Saturday, December 23, 2017

Pathway to the Heartland and Great Lakes Landing Sites – the St Lawrence Rivers– Part VIII

Continued from the last post, regarding the improbability, if not downright impossibility, of sailing upriver from the North Atlantic into the Gulf of St. Lawrence and then up the St. Lawrence River to Lake Ontario and then across and into Lake Erie, as some Great Lakes theorists claim. One of the major problems of any theory, is how did Lehi get to that point where they claim he landed and settled.
While on the voyage, Nephi says that his parents were driven to their sick beds because ofadvanced age

Because of his advanced age by this time, and the fact that Nephi makes it clear that the trip across the oceans and the continual stress involved with the rebellious Laman, Lemuel and the sons of Ishmael, Lehi and his wife, Sariah, were both ill and infirmed, saying: “and my parents being stricken in years, and having suffered much grief because of their children, they were brought down, yea, even upon their sick-beds” (1 Nephi 18:17), it is highly unlikely that after landing, the colony traveled any distance before settling down as described as, “And it came to pass that after we had sailed for the space of many days we did arrive at the promised land; and we went forth upon the land, and did pitch our tents; and we did call it the promised land” (1 Nephi 18:23).
    Thus, it can be understood that the colony most likely settled along the shore where they landed. As Mormon described this area of First Inheritance of Lehi: “and on the west in the land of Nephi, in the place of their fathers' first inheritance, and thus bordering along by the seashore” (Alma 22:28). Thus, they landed on the western shore of the Land of Nephi, along the Sea West.
    In this series of articles on “Pathway to the Heartland and Great Lakes Landing Sites,” we have shown conclusively, that beyond Baton Rouge on the Mississippi River (90 miles inland from the Gulf of Mexico), and Albany, New York (60 miles up the Hudson River north of the harbor and about 120 miles from the Atlantic Ocean to the east), nothing larger than a flat-bottomed packet boat could navigate these rivers. As for the St. Lawrence, nothing on the water could get around the Lachine Rapids at Montreal (about 200 miles downriver from Lake Ontario). All boats prior to the 1800s, had to be portaged the three miles around the rapids, a seven mile trip overland, carrying boat, supplies, cargo, etc.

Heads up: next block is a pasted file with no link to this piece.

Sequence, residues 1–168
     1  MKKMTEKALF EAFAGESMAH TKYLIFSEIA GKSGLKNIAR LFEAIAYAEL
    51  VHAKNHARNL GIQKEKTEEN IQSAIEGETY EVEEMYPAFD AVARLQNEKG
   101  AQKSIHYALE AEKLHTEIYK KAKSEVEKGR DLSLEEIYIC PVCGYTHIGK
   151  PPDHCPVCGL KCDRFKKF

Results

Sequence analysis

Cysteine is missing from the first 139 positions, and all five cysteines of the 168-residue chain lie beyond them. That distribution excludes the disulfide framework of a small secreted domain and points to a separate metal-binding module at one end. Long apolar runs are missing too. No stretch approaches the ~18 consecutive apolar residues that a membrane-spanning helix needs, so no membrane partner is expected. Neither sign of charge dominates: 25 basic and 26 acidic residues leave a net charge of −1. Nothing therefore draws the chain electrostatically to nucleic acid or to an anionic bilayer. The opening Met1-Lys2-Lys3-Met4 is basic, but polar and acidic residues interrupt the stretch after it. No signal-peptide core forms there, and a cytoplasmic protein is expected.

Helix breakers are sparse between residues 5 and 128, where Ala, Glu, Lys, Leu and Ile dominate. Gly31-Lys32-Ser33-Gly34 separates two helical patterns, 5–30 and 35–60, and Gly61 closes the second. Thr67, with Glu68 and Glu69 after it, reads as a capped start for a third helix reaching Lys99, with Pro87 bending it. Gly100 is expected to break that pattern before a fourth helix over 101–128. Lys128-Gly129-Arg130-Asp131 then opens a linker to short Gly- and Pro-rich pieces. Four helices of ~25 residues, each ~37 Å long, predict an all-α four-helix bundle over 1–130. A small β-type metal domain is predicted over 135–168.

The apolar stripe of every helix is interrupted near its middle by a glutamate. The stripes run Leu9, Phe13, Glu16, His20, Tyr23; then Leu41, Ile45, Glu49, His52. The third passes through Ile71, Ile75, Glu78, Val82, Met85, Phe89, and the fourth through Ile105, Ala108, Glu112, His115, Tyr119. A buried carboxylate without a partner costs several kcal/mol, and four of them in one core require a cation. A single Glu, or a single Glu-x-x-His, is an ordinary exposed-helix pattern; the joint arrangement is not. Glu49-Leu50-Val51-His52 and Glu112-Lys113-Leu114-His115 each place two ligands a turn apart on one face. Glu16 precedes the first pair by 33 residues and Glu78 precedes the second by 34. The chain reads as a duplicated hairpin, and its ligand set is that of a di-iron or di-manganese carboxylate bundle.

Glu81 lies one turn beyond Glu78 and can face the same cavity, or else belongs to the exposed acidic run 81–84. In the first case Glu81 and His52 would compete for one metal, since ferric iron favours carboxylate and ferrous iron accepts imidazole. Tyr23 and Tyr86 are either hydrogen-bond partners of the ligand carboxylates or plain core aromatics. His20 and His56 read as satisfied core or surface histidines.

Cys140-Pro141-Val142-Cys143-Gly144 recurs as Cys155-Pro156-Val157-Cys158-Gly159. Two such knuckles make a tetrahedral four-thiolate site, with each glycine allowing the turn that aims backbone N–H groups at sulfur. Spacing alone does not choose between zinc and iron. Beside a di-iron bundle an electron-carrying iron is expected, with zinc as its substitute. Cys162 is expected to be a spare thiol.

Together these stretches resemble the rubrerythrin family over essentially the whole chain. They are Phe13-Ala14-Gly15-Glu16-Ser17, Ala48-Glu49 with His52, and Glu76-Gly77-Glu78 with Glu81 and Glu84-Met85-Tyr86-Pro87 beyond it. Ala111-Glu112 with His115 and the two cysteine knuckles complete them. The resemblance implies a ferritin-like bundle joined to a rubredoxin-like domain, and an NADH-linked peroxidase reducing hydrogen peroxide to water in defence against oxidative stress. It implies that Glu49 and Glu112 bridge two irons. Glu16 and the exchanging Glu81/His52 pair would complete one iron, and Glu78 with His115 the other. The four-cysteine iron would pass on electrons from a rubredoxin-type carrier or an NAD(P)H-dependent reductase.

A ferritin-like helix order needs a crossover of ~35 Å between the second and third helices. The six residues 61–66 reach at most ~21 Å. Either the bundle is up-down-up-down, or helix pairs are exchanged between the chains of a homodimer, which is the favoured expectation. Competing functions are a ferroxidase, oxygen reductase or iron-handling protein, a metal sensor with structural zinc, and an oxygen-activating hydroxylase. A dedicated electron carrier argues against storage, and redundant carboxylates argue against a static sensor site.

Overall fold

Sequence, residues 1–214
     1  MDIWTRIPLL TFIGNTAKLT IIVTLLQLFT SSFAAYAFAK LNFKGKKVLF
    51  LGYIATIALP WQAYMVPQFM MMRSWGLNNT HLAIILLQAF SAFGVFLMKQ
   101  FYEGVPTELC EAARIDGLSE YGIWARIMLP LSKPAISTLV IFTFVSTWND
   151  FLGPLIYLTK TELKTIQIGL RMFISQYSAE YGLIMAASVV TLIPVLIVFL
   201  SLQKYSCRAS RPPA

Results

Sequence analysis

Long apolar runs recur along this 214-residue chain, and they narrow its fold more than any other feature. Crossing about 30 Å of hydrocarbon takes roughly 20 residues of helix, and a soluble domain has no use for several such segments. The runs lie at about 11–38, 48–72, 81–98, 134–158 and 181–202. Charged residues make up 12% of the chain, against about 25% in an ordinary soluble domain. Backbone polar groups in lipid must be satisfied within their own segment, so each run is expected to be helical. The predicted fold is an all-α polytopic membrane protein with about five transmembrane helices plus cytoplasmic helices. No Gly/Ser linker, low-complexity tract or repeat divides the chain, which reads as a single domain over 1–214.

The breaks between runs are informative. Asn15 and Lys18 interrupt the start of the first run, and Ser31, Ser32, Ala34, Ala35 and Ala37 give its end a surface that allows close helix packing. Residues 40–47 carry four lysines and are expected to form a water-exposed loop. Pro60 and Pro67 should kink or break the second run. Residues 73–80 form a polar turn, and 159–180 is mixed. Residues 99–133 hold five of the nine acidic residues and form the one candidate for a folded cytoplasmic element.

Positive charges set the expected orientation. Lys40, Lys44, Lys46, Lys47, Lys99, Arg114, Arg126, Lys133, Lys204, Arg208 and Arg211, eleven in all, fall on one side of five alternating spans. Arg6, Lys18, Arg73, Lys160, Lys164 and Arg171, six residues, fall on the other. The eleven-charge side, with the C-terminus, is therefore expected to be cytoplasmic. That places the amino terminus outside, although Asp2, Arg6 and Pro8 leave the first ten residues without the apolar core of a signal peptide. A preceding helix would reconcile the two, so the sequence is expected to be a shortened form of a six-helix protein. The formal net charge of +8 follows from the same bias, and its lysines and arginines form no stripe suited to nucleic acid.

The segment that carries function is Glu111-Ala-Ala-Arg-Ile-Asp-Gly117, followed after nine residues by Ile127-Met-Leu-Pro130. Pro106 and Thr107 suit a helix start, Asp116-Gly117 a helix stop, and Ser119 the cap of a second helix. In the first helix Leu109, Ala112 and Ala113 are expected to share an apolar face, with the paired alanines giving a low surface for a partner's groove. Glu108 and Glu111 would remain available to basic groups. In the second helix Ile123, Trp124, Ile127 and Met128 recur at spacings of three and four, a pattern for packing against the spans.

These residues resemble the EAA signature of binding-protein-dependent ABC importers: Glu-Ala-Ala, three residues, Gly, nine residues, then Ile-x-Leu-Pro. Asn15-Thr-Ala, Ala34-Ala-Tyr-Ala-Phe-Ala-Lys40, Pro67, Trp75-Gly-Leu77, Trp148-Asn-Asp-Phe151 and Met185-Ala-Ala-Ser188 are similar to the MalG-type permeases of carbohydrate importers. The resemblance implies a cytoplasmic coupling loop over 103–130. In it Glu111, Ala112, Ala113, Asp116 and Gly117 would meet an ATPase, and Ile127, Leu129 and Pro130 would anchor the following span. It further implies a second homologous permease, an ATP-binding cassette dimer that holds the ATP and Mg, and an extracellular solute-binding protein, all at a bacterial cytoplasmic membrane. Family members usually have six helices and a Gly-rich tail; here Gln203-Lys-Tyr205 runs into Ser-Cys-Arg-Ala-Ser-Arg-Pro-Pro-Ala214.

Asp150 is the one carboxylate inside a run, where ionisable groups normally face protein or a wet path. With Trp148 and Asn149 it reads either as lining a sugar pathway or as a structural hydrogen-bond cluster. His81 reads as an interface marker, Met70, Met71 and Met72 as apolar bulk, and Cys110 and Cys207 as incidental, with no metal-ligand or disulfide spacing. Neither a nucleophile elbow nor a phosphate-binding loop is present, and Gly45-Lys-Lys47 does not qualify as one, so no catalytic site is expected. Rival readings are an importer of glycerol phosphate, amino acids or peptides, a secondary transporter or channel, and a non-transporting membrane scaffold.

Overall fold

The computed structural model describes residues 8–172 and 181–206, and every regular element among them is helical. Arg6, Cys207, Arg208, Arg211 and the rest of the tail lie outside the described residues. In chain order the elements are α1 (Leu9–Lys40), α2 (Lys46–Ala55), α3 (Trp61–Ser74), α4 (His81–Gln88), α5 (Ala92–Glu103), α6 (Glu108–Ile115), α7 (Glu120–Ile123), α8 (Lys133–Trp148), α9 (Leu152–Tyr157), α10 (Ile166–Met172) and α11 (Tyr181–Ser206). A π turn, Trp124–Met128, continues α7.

As for any other inland waterway along the east coast or the southern Gulf of Mexico, there were no rivers or streams up which an ocean vessel could have navigated under any circumstances. So for Lehi to have settled anywhere in North America, it would have had to have been along a coast, either the Atlantic Ocean coast, or the Gulf of Mexico coast. There would simply have been no other alternatives for Lehi and Sariah—and until the Lord told Nephi to “flee into the wilderness” (2 Nephi 5:5), an event that led him and “all those who would go with” him, to eventually travel to a new area. As he stated: “And after we had journeyed for the space of many days we did pitch our tents. And my people would that we should call the name of the place Nephi; wherefore, we did call it Nephi” (2 Nephi 7-8).
    Consequently, it is safe to say that it would have been impossible for Lehi to have landed anywhere except along the coast—and Mormon claims that was the coastal area of the Sea West. As he said, “in the borders by the seashore, and on the west in the land of Nephi, in the place of their fathers' first inheritance, and thus bordering along by the seashore” (Alma 22:28, emphasis added).
    Having thoroughly discounted the Mississippi River as a sailing route for Lehi, and any of the inland waterways in what is now the United States, we can also show how the St. Lawrence was not a viable option. First of all, the St. Lawrence had a three-mile area of severe white-water rapids and submerged rocks and boulders that kept all shipping of any kind from passing Montreal on the St. Lawrence River. At first the Royal Army Engineers started work on four small canals on the north shore of the St. Lawrence at Montreal to connect Lake St. Louis to Lake St. Francis.